Sunday July 8, 2001

We almost arrived in Albany, New York. Fortunately we were running early when the Streak decided to stop running a few miles outside of Albany. Bob managed to rig a re-charge from my bike to his, which got him to the toll booth exit. We pushed the bike to a side lot and rode the one bike to the Armory in Albany. Between the fantastic Rotarians that greeted us and the BMW Road Service everything worked out. While Don Bronstein took me to the bike to have it towed, the press conference went forward with Bob. Yono's restaurant provided beverages. Thanks go to David Palmquist, DG John Quatrini, Sam Ciccio ,Yono Purnomo, Terry Phillips, and Ann DiSarra. A great group. The bike was towed to the Marriott Hotel and after the press conference, we all met to visit. Bob and Don checked the bike over. Don was one of the brave souls who weathered the horrible rains to escort Bob into Albany on the 48-30 ride in 1998.  It was determined that the bike had an alternator problem. Repairs would have to wait until morning. In the meantime we learned that the Club recently had a Lobster Fest. They cooked 2400 lobsters !!!!!!!! and now have a signature fundraiser. Yono is a fabulous chef as we found out later when he invited us to dinner for a "little something, and left-overs". On the grill; lobster tails, filet, and chicken. Spinach salad and potato salad, cheese and good wines. Yono's wife Donna is a pastry chef. Okay, we had some dessert too. A lovely evening with great food and wonderful people. We decided that the next day, I would stay and arrange for the BMW to be repaired and Bob would ride the Honda up to Augusta for the interviews we already arranged. Thanks to the Marriott Hotel we had everything we needed and covered parking for the Motorcycles. Thank you Rotarians. A road sign in New York: "Don't Drive Aggressively".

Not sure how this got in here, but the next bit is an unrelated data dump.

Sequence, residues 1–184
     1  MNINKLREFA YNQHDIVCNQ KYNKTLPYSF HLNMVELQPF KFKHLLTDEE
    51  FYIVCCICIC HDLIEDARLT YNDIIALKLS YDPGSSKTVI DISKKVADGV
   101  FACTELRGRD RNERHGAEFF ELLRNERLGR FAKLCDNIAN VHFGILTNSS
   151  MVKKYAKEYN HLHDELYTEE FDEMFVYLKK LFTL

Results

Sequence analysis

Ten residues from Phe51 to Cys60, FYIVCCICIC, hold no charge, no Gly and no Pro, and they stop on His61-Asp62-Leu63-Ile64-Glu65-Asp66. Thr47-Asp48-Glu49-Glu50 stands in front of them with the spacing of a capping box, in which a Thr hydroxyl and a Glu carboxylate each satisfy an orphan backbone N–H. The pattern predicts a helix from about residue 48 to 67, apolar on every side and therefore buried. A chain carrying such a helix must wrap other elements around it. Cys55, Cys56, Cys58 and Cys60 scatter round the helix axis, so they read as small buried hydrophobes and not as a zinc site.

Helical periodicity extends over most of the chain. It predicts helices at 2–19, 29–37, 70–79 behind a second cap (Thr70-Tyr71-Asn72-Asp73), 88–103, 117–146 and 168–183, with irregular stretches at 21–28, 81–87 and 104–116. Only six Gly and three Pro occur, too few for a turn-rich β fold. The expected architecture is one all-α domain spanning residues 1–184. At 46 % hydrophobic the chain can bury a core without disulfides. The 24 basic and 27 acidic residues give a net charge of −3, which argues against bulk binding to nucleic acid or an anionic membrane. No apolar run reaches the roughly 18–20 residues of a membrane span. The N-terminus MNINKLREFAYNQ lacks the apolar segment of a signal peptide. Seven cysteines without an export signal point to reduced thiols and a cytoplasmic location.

Monday July 9, 2001

Bob left on time to head north. He was to meet Bill McKenna in Worcester and ride together up to Augusta. They then headed on to Littleton. Outside of town a police officer stopped traffic and pulled aside our two heroes. Turns out he was to escort them in to a local restaurant. There was media and photos galore and a little time for a meeting and a talk on PolioPlus and a donation to the ride. Riding to Littleton was especially exciting since they had approached us. They have the Rotary spirit.

What seemed like dozens of toll booths later, Bob and Bill arrived in Augusta. The meeting time had been changed to coincide with their arrival and they received a standing ovation. Bob did interviews with newspapers, radio talk show and tv. After being able to to talk about Rotary and PolioPlus, visit with friends and make new ones, it was time to head south. Back to Albany.